Polycystic Ovarian Syndrome (PCOS)
What is PCOS?
PCOS stands for polycystic ovarian syndrome. This is a condition caused by a hormonal imbalance leading to high levels of testosterone. Because of these changes, women with PCOS are at higher risk for cancer of the lining of the uterus, infertility, high blood pressure and diabetes.
What causes PCOS?
The cause of PCOS is not entirely clear. The condition stems from high levels of male hormone or androgens. Why this occurs in some women is not known although some authorities believe it is due to overproduction of testosterones within the ovary. There is some evidence suggesting there may be a genetic component involved in developing PCOS. In addition, obesity and insulin resistance also contribute.
What are the symptoms of PCOS?
Symptoms of PCOS include irregular or infrequent menstrual cycles, infertility and signs of high testosterone levels such as increased hair growth on face or body or acne. PCOS is often associated with obesity and insulin resistance.
How is PCOS diagnosed?
PCOS is diagnosed based on a woman’s symptoms and lab tests including testosterone level. In some cases, ultrasound of the ovaries may be performed to aid with making the diagnosis.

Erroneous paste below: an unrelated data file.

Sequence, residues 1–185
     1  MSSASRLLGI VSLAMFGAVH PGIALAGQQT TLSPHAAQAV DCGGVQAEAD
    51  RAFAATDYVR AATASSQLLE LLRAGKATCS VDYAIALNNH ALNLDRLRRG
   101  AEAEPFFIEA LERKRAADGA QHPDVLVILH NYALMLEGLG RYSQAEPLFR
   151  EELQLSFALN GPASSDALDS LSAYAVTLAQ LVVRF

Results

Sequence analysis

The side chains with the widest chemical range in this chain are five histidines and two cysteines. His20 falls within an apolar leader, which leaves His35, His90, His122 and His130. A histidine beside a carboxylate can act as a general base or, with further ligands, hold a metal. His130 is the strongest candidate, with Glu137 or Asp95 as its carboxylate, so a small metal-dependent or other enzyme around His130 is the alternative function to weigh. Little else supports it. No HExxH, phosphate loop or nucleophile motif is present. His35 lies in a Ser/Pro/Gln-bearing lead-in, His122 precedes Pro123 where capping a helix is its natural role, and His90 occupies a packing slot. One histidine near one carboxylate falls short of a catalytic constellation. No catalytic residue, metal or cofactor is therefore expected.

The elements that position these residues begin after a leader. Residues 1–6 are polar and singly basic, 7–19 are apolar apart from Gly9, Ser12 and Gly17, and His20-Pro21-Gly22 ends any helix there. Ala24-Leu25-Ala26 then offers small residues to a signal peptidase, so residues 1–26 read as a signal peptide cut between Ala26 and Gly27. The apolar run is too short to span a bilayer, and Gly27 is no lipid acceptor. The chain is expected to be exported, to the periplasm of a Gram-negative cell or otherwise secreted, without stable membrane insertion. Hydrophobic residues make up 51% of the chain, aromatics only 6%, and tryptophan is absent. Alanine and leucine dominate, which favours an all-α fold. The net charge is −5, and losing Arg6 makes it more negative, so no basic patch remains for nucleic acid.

How is PCOS treated?
Treatment for PCOS differs depending on the presenting complaints. In women who are suffering from irregular or absent menstrual cycles, one of the main goals is to ensure that the lining of the uterus is shed periodically to prevent pre-cancer or cancer. These women may be placed on birth control pills to regulate hormone levels and keep the uterine lining healthy.
For women who are diagnosed with PCOS and desire pregnancy, a medication that can increase the likelihood of ovulation can be used.
Some women with PCOS also have signs of pre-diabetes. These women may be given a medication, metformin, which can increase their body’s ability to utilize sugar efficiently.
Women who have PCOS and are overweight or obese can benefit from healthy diet, exercise and weight loss. Many women who attain a healthy weight may notice their menstrual periods ‘self-regulating’ and are more likely to ovulate (or release an egg) each month, increasing their chances of conceiving.